Not everyone was a Methodist in the Church of England. This is an important thing to remember. Methodists were volunteers. They joined together under a system of accountability and mutual support because they felt such things were necessary to their sanctification and, hence, salvation.
Being part of a Methodist class meant having your life under scrutiny.
In his journal the week of March 9, 1747, John Wesley describes the work of examining the classes, which took up his regular attention. In the journal, he describes the skepticism people had expressed to him in the past whether it was possible to distinguish between “the precious and the vile” in a group of Christians.
Ever the practical one, Wesley insisted that it was a fairly simple task and process requiring only “courage and steadiness in the examiner” and “common sense and common honesty” from the class leader.
I visit, for instance, the class of the Close, of which Roger Peacock is Leader. I ask, “Does this and this person in your class live in drunkenness or any outward sin? Does he go to church, and use the other means of grace? Does he meet you as often as he has opportunity?” Now if Roger Peacock has common sense, he can answer these questions truly; and if he has common honesty, he will.
Under such examination, Wesley reported that a society that had included 800 members was reduced to 400, but he found the half better than the whole.
Without any question, such a system of examination and accountability could exist in a local congregation. (Indeed, it used to be part of being a Methodist.) Like early Methodism, church membership in America is voluntary. We have not state-church parish system like the Church of England in Wesley’s day. No one is required to be a United Methodist.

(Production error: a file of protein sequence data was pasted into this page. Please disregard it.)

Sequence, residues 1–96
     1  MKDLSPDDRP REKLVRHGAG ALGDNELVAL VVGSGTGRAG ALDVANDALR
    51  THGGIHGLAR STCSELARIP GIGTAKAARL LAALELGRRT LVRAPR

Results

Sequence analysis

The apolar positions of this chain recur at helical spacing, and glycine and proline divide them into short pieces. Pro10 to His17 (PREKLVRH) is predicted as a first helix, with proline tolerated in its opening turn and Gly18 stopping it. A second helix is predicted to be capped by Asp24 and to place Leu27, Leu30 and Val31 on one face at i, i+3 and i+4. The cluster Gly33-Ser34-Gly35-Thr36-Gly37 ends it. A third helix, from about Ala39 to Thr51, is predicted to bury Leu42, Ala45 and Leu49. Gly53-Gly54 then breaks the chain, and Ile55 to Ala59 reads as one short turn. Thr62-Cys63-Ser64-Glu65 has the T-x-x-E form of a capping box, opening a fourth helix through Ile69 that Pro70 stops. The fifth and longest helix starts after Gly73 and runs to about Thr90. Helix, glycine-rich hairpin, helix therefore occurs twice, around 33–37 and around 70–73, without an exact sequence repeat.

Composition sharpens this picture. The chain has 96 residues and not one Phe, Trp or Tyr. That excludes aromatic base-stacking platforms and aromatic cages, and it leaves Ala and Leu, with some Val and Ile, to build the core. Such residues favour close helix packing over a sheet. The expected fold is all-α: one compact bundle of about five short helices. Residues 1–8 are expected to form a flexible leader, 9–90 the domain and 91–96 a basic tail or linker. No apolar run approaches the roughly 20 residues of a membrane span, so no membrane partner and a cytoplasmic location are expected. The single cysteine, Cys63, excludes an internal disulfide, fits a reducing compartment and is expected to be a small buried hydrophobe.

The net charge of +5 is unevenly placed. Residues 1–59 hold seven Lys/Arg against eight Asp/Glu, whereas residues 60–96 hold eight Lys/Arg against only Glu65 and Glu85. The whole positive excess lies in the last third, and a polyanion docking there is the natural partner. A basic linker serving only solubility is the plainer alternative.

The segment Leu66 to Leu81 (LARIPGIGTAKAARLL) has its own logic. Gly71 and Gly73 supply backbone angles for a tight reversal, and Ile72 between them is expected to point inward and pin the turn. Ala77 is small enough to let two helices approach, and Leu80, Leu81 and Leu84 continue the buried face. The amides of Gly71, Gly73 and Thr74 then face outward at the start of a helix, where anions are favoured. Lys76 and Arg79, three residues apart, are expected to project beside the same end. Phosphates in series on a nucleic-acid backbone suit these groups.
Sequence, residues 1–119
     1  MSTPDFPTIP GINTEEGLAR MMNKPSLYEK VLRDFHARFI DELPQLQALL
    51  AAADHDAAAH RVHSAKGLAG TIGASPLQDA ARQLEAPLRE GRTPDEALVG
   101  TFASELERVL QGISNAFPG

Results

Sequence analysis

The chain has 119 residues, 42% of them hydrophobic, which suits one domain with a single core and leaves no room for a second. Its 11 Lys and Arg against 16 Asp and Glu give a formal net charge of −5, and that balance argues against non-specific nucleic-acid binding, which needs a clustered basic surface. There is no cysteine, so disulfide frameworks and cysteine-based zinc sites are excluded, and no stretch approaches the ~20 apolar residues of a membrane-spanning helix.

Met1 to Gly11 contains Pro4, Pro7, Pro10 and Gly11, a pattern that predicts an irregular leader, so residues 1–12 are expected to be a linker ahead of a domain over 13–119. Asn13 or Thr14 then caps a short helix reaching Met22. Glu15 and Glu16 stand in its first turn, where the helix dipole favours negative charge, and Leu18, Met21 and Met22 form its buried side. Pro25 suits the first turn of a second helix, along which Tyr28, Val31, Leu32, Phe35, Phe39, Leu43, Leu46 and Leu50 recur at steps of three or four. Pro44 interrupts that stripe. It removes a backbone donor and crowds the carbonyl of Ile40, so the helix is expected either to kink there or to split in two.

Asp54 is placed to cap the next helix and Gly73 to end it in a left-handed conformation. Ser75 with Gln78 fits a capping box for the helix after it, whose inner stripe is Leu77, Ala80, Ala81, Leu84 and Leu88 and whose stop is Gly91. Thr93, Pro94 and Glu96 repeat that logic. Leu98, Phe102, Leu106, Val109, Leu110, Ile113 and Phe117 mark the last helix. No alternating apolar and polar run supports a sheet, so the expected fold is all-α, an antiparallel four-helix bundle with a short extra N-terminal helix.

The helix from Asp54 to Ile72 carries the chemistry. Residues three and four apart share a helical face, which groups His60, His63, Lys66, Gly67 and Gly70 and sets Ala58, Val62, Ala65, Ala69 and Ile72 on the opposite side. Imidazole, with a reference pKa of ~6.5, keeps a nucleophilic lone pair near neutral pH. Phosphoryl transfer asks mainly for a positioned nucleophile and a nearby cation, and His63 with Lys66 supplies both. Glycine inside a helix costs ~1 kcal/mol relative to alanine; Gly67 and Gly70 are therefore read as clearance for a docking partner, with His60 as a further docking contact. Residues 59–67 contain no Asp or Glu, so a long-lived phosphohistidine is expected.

Practically it would be challenging, though. Our lives are less exposed to each other’s eyes than village, town, and city life in 18th century England. We do not know our neighbors nearly so well as they did. So a class leader would need to be much more active and intentional about visiting the members of his or her class to be able to answer such questions.
And, of course, there may be other reasons why such a system would not be wise for us. There are likely theological reasons why we do not embrace it. As far as I can tell, we mostly do not share Wesley’s convictions about hell, sin, salvation, and holiness. All these convictions formed the foundation of the class system. We tend rather to embrace 21st century American convictions about privacy and minding our own business.
I’m not certain how to sort out the theological, cultural, and political tangle in all this. It seems clear that the class system was important to the vitality of early Methodism.
Do we have practices such as this that are grounded on our theological convictions about the nature of salvation and that serve the same purposes for us and our people?